3.1 Application for redress

Introduction

To be entitled to redress under the Scheme, a person or their legal nominee must make an application. To be a valid application, it must comply with the requirements set out in this topic and include any required information.

Making a redress application

For the purposes of the Scheme, a person or their legal nominee can make their application for redress by completing the approved form available from the Scheme website. A person may also complete their application online through myGov. An application for redress made in any other format will not be accepted.

An application is valid when all required information is provided as outlined in the application form (e.g. personal details and proof of identity) and the statutory declaration at the end of the application is signed and witnessed.

A person who makes an application for redress must not give false or misleading information or documents to the Operator. If they do so, they may be subject to a civil penalty of up to 60 penalty units. Such conduct may also be an offence punishable under the Criminal Code 1995.

When an application for redress cannot be made

In some circumstances a person is not able to make an application for redress through the Scheme. This includes where the person has a security notice in force, the person will not turn 18 years of age before the Scheme closes, the person is in prison or they have previously made an application for redress under the Scheme.

Additionally, a person cannot lodge an application in the last year the Scheme is operational (2027-28 financial year), all applications for redress must be lodged by 30 June 2027. This is due to the timeframes associated with gathering information to support the Operator to make a considered and informed decision on a person's application.

Proof of identity

The Scheme requires a person and their nominee to provide a level of proof of identity. Where a person has previously established their identity with the Department of Human Services (DHS) such as having a customer reference number (CRN) and as a result has a confirmed identity they will not be required to do this again. A person without a confirmed identity will need to visit their local DHS Service Centre so a staff member can witness their identifying documentation.

DHS uses the Identity Confirmation Model which is based on the minimum identity proofing requirements as outlined in the National Identity Proofing Guidelines and uses 5 objectives when verifying a person's identity. These are to confirm the:

  • uniqueness of the identity in the intended context
  • claimed identity is legitimate
  • operation of the identity in the community over time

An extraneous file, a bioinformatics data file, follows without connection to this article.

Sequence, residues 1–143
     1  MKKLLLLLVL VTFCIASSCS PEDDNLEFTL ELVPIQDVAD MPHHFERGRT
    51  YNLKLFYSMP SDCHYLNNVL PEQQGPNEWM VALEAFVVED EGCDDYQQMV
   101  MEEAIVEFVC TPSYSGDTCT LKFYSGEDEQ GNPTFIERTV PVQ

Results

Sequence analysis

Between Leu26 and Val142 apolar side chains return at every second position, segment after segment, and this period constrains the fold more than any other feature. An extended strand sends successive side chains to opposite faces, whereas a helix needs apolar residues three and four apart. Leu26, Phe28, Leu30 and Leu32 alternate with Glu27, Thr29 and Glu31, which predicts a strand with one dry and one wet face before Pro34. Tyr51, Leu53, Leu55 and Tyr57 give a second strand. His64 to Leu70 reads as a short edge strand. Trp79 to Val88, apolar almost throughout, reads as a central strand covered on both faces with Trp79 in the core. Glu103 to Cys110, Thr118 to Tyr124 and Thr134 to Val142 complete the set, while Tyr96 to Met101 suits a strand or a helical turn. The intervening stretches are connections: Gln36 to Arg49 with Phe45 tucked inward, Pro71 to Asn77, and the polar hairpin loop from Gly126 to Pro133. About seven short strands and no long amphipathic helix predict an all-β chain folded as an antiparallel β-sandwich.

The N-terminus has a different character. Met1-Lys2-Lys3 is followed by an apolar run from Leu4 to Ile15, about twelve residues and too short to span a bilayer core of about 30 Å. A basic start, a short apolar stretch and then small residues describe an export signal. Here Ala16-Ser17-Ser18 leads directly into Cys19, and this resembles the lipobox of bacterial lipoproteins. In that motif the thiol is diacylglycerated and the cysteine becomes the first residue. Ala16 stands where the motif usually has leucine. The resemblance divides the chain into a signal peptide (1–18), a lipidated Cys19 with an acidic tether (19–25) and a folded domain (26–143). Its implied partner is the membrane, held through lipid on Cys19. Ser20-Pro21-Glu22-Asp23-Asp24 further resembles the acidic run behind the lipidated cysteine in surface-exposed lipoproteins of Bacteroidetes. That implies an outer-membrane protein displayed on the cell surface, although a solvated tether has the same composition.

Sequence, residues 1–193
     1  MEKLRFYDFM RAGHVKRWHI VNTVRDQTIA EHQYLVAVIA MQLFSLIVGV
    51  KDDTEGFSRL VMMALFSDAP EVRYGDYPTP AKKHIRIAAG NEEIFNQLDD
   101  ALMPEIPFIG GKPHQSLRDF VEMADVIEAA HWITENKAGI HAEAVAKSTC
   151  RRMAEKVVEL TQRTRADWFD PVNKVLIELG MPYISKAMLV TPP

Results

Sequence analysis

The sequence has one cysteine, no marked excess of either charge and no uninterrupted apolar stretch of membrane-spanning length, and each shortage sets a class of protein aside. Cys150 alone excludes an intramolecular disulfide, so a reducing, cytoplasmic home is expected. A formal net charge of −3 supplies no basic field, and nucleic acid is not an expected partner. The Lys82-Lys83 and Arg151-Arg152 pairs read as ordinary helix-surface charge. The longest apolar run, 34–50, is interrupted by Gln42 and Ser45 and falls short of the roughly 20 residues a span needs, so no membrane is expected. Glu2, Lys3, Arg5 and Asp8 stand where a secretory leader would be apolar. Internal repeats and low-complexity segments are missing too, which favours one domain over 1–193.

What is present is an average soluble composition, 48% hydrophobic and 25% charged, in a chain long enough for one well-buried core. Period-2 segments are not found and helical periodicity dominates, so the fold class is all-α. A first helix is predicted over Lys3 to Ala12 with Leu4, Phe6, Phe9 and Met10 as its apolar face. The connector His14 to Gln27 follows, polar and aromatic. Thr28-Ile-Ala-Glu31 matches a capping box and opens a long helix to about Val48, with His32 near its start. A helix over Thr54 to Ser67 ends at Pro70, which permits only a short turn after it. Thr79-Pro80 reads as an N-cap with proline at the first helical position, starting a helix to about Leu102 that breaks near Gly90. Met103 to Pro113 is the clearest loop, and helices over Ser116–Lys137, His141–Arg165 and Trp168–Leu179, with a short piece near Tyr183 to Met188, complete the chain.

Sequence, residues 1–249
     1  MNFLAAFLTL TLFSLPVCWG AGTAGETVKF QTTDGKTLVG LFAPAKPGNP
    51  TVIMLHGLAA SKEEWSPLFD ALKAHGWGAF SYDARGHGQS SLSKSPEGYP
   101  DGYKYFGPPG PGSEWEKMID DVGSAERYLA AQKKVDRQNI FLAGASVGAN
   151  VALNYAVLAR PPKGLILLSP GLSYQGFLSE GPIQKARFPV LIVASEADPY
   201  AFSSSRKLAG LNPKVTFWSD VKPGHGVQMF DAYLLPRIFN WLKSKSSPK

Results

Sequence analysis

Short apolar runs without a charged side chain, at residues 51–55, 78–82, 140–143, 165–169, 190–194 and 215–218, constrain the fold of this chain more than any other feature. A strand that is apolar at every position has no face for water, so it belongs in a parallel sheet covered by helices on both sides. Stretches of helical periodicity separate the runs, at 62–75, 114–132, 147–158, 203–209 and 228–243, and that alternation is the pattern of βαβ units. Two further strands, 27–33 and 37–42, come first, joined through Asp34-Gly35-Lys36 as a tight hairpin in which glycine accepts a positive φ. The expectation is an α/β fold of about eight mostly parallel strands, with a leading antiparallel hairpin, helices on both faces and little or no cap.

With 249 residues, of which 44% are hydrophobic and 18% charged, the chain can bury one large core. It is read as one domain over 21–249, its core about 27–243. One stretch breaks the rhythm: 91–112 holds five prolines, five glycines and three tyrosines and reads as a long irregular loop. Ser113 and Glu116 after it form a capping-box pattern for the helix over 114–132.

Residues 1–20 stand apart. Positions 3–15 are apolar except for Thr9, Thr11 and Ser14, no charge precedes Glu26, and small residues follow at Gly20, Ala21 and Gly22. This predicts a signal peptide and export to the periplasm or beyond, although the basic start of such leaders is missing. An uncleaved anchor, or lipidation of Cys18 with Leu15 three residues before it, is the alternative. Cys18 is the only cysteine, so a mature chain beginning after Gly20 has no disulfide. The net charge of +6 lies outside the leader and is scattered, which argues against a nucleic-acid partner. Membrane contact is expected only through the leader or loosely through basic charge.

• linkage between the identity and the person claiming the identity
  • identity is not known to be used fraudulently.

There are support services available to help people through the application process. There are also legal and financial support services to help people consider their options.

Timeframes for submitting an application for redress

Applications for redress must be lodged no later than 12 months before the Scheme's end. The Operator may approve (in writing) an application for redress to be lodged during the last 12 months of the Scheme's operation where there are exceptional circumstances.

You can only make 1 application for redress

A person can only make 1 application for redress under the Scheme. Whether the application is successful or unsuccessful, the person will not be able to make another application for redress under the Scheme unless the person withdraws the application before the Operator makes a decision on their application.

Statutory declaration

For the purposes of the Scheme, a person making an application for redress is also making a statutory declaration under the Statutory Declarations Act 1959.

When a person or their legal nominee makes a statutory declaration for the purposes of the Scheme, they are declaring that the statements in the application for redress form are true. If they intentionally or recklessly make a false statement in their statutory declaration, they can be charged with an offence. The punishment for which is imprisonment for a term of up to 4 years.

To complete the statutory declaration in the application for redress, a person must have someone on the list of authorised witnesses (provided with the form) witness that person sign the completed statutory declaration. The witness must also sign the statutory declaration to be valid. Please note that the witness does not need to witness the content of the application form, only the signing of the statutory declaration.

Where the above statutory declaration requirements are not met, a decision on a person's application for redress cannot be made. The Operator may contact the person in writing if such a circumstance occurs.

Act reference: NRSAct Part 2.3 Division 2 Application of redress under the scheme

Statutory Declarations Act 1959

Last reviewed: 13 August 2018